National Assembly session to debate no-confidence motion adjourned

ISLAMABAD: A critical session of the National Assembly convened to debate no-confidence in the leadership of Prime Minister Imran Khan, which could see the former cricket star ousted and the return of political uncertainty in the country, was adjourned minutes after it began on Thursday.

Deputy Speaker Qasim Suri, who presided over the session, adjourned the session until 11:30 am on Sunday.

At the outset of the session, which began at 4:00 pm, Babar Awan, advise to the prime minister for parliamentary affairs, moved a motion to adjourn the session so the space could be used for the Parliamentary Committee on National Security’s meeting that was scheduled to be held at 6:00 pm.

However, the motion was rejected after voting.

Khan has been facing mounting criticism of his performance, including charges of his management of an economy beset by high inflation and rising deficits, and he lost his majority in the Lower House on Wednesday when the Muttahida Qaumi Movement-Pakistan (MQM-P) quit his coalition.

The pro-establishment party — which threw its lot in with the opposition seeking to oust the prime minister — has seven seats in the Lower House.

A vote on the motion must be held by Monday.

Opposition leaders had called on Khan to resign even before he lost his majority in parliament, but his aides have said he will not quit.

Khan’s ouster could mean another round of instability in a country in which no prime minister has ever completed a full five-year term.

HOW DOES THE NO-CONFIDENCE VOTE WORK

Under the constitution, a prime minister is elected by a majority of the National Assembly, which has 342 members.

A candidate needs a majority of legislators, 172, to vote for him to become prime minister. That is the same number of votes against him in a no-confidence vote needed to oust him and dissolve his cabinet.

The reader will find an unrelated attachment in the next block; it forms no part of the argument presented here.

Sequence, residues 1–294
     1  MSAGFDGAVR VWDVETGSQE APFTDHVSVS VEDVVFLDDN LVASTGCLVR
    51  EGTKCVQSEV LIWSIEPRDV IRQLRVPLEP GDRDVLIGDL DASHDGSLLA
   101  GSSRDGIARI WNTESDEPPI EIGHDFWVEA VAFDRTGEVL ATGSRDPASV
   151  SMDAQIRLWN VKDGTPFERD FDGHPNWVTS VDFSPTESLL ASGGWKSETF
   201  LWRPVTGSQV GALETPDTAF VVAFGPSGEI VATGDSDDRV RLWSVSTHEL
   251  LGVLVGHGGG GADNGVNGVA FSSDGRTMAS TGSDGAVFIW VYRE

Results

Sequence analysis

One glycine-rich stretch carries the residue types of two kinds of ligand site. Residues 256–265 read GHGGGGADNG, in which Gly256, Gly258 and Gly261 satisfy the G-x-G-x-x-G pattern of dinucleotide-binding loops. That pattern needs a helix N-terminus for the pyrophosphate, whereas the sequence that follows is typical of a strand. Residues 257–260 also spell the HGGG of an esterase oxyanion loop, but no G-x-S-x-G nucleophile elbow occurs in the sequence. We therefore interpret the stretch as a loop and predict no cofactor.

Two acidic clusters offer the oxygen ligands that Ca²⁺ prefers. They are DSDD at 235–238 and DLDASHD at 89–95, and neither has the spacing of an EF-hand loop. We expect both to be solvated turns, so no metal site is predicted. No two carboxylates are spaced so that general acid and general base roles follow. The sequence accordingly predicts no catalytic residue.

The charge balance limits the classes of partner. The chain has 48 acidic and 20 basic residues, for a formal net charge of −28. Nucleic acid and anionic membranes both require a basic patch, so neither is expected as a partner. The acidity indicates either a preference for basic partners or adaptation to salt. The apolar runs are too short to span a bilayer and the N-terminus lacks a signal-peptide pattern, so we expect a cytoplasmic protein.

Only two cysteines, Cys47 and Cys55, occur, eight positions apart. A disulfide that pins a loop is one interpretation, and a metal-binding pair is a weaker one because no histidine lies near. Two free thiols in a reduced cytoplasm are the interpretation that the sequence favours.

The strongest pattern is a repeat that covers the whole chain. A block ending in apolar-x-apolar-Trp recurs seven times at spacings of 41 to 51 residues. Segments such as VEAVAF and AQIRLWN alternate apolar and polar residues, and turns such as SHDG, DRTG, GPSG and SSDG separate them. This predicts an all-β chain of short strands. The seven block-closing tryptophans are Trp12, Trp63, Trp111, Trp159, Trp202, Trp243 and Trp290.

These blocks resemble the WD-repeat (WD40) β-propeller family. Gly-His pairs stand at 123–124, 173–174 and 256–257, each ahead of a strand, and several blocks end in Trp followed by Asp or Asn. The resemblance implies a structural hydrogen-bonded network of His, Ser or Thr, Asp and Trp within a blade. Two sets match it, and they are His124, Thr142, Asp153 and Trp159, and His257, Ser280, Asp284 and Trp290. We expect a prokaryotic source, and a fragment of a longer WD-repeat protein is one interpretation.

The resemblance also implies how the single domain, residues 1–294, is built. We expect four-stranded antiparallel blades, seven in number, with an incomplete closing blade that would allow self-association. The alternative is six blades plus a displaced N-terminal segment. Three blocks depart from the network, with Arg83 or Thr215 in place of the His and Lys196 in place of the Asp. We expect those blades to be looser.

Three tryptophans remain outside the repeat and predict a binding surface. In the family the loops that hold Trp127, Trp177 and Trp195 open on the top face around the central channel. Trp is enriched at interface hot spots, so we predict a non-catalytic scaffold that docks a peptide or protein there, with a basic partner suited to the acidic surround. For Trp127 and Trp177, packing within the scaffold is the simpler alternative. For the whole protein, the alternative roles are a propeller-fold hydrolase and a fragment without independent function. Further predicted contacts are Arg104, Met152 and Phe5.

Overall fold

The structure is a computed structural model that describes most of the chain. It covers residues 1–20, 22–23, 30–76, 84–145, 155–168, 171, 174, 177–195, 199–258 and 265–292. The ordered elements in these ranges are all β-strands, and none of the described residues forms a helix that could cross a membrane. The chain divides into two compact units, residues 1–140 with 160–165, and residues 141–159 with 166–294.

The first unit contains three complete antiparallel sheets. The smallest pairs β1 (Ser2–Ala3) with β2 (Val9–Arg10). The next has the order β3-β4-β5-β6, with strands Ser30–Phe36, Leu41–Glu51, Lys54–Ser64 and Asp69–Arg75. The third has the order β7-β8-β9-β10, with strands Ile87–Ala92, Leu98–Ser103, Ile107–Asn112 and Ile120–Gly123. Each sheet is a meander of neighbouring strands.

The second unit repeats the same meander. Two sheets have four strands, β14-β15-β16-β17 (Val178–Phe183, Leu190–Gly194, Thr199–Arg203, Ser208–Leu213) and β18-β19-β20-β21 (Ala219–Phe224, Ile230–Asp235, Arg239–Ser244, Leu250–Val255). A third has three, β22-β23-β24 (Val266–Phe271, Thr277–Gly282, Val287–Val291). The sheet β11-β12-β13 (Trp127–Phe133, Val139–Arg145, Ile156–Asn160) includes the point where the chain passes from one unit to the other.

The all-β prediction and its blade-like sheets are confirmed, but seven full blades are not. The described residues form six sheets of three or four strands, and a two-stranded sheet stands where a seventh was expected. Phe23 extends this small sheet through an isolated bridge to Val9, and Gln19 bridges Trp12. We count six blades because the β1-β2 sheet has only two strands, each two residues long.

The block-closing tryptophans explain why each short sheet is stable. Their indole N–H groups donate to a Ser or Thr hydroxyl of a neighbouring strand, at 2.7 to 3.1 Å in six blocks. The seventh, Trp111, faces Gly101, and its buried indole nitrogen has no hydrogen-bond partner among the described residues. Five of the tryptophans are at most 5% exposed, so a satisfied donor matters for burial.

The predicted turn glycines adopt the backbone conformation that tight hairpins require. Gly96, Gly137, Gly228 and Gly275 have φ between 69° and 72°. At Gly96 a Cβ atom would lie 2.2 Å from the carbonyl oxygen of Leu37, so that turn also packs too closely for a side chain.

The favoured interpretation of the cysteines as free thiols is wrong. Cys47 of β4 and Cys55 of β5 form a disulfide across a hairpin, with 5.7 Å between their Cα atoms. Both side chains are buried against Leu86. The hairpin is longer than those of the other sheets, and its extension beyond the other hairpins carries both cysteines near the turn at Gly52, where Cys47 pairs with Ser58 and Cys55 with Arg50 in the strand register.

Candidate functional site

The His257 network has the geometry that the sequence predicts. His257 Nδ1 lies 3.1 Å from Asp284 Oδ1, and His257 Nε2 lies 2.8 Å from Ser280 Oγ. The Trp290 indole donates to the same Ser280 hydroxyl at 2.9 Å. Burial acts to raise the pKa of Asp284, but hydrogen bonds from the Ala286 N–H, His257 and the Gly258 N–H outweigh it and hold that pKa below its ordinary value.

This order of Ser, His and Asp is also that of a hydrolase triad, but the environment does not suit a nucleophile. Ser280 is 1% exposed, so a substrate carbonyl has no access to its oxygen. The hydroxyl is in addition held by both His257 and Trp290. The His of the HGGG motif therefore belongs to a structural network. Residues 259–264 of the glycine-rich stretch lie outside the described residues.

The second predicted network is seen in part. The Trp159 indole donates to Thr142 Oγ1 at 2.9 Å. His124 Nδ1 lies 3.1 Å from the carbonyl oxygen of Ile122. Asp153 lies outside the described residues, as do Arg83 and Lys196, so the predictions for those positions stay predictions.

So Khan could survive a no-confidence vote even if he got fewer votes than the opposition but only if the latter did not get the 172 votes that make up a majority in the 342-seat House.

WHAT HAPPENS AFTER THE VOTE?

If Khan loses the vote, parliament can continue to function until its five-year tenure ends in August 2023, after which a general election is due within 60 days.

There will be a vote in the National Assembly to elect a new prime minister to serve until then. Candidates can be put forward by any party with legislators in the assembly.

The new prime minister can, however, call a general election immediately, without waiting until 2023.

Some constitutional analysts say the assembly can be dissolved and a general election held if no candidate can secure a majority of votes to become the prime minister.

WHAT IS THE TIMELINE OF THE VOTE?

Opposition parties filed the no-confidence motion on March 8, and it was presented and tabled before the National Assembly on Monday.

The speaker of the National Assembly has to carry out the vote no sooner than three days and no later than seven days after the motion is tabled.

The earliest the vote can happen is Thursday (today). The latest, by most accounts, is Monday.

IS THE VOTE CLOSE?

Khan faces a tight vote. He became prime minister after his Pakistan Tehreek-i-Insaaf (PTI) party won the most seats in the 2018 general elections.

However, the PTI did not have a simple majority by itself and had to form a coalition with other parties.

The PTI has 155 members and Khan crossed the 172-vote threshold to be elected prime minister in 2018 with the help of coalition partners. The PTI-led coalition increased its numbers over the past three years.

WHAT IS KHAN’S STRATEGY?

Khan has ordered all ruling legislators to remain absent from the assembly on the day of the vote to mitigate any chance of dissidents secretly supporting the motion to remove him.

Absenteeism would not hurt Khan’s cause because he doesn’t need to win; he just needs to ensure the opposition cannot get the 172 votes needed to pass the no-confidence motion.

Khan has also filed a petition in the Supreme Court seeking lifetime electoral bans against those found to have broken ranks, in a bid to dissuade potential dissidents.

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